We made no changes to the rule based on this comment, though we clarified our cumulative impacts report based on this comment.

Comment (21): We received one comment with concern that the openings and expansions at 14 refuges that are also designated as Urban National Wildlife Refuges as part of the Urban Wildlife Conservation Program would have potential negative effects on the management goals of these refuges.

Our Response: Standard 2 of The Urban Standards of Excellence states, “[c]onnect urban people with nature via stepping stones of engagement.” Urban NWRs provide opportunities to Start Printed Page 47648introduce new audiences to hunting and fishing activities, and include them in outdoor traditions. Hunting and fishing activities can provide urban dwellers with opportunities to experience the outdoors, obtain organic protein, and learn new skills. Offering hunting and fishing opportunities on urban refuges can also help to re-engage city dwellers who used to enjoy hunting or fishing. Providing hunting and fishing opportunities near population centers can also increase license and equipment sales, which benefit wildlife conservation programs.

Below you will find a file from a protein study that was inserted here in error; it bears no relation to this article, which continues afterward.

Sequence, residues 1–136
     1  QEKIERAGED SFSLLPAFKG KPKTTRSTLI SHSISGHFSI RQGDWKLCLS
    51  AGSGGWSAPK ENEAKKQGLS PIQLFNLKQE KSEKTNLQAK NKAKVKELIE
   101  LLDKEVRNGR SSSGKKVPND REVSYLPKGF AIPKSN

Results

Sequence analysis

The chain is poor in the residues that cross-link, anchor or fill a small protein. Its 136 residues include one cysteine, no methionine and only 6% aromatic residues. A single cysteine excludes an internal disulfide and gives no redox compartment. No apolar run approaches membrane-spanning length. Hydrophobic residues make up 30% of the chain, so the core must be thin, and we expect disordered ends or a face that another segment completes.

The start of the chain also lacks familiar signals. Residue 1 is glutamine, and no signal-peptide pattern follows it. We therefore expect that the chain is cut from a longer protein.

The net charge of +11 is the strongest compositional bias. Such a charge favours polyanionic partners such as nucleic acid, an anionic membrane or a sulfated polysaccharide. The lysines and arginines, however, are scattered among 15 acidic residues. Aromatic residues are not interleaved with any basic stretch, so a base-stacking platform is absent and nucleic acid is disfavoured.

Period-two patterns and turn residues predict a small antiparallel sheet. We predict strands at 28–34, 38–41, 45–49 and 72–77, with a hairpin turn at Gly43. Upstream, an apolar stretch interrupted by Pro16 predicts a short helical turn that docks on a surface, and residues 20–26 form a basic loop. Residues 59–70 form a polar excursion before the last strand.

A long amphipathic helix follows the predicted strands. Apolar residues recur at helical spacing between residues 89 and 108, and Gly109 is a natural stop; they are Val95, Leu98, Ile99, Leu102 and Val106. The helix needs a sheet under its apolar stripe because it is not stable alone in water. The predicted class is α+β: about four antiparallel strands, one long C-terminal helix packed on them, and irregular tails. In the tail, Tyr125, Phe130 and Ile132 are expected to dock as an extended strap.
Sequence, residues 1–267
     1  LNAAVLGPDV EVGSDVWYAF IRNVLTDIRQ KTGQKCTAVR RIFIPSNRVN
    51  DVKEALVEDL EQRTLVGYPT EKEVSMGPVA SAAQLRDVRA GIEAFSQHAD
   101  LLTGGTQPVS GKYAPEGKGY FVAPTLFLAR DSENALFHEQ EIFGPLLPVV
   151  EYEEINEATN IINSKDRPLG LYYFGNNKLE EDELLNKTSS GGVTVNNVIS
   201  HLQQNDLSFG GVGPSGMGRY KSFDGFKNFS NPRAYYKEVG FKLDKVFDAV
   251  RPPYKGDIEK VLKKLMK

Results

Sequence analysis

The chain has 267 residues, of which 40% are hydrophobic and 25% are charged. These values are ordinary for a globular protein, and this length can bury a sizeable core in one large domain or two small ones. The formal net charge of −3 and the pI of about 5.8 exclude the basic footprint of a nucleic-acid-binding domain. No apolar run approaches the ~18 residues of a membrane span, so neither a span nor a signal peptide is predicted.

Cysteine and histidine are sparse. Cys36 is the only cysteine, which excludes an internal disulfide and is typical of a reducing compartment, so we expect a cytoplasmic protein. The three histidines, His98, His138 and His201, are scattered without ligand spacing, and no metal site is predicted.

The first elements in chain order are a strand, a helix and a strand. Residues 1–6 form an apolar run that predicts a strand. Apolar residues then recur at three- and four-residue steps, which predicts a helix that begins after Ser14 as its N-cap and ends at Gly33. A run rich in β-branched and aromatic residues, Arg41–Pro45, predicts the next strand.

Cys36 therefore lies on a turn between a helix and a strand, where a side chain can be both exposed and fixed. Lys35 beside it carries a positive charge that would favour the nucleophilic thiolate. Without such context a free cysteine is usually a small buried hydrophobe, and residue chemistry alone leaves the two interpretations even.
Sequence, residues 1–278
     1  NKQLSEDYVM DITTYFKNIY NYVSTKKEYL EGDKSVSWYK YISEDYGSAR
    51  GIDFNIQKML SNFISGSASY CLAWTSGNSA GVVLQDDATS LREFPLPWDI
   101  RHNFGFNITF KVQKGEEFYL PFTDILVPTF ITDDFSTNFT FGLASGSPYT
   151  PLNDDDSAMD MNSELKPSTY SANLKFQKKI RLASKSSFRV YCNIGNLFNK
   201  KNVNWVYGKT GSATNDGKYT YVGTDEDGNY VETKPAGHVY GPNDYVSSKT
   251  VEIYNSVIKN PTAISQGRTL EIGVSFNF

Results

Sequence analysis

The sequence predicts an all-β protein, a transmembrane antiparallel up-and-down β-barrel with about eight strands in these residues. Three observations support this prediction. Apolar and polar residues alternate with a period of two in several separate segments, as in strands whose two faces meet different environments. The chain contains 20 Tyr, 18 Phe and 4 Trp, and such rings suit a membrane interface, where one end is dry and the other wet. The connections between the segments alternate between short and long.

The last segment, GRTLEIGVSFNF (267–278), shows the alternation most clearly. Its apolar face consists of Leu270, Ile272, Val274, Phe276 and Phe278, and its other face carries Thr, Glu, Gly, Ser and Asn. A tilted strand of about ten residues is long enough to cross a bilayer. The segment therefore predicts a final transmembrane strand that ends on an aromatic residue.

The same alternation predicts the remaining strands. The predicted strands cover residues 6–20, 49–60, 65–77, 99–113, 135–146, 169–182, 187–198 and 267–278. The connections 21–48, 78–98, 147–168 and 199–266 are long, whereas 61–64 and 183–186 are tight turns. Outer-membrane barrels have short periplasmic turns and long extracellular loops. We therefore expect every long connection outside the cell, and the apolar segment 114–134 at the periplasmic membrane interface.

As described in our response to Comment (19), refuge managers, both urban and rural, balance refuge uses by opening and closing areas to activities at different times for a variety of reasons. They may include management actions (prescribed burning, constructing water control structures); safety (flooding, downed timber); and reduction of conflicts between users (hunters vs. wildlife-viewers). Restricting an area to hunting or fishing for short periods of time to allow that use is simply using time management and zoning to reduce conflicts.

In addition, urban refuges often have an overabundance of deer, geese, or other animals that are negatively impacting refuge resources. Hunt opportunities allow refuges and States to manage the populations, while providing opportunities for citizens to enjoy the outdoors and learn about population management.

We made no changes to the rule as result of this comment.

Comment (22): We received a comment in general support of the proposed changes to increase hunting and sport fishing, specifically at Laguna Atascosa and Lower Rio Grande Valley NWRs. However, this commenter expressed that if the refuges are going to hold lotteries, then hunters from the local area near the refuge should be given “preference points” so that these local hunters have a greater chance of being chosen for the hunt, similar to the lottery system used by the Texas Parks and Wildlife Department (TPWD).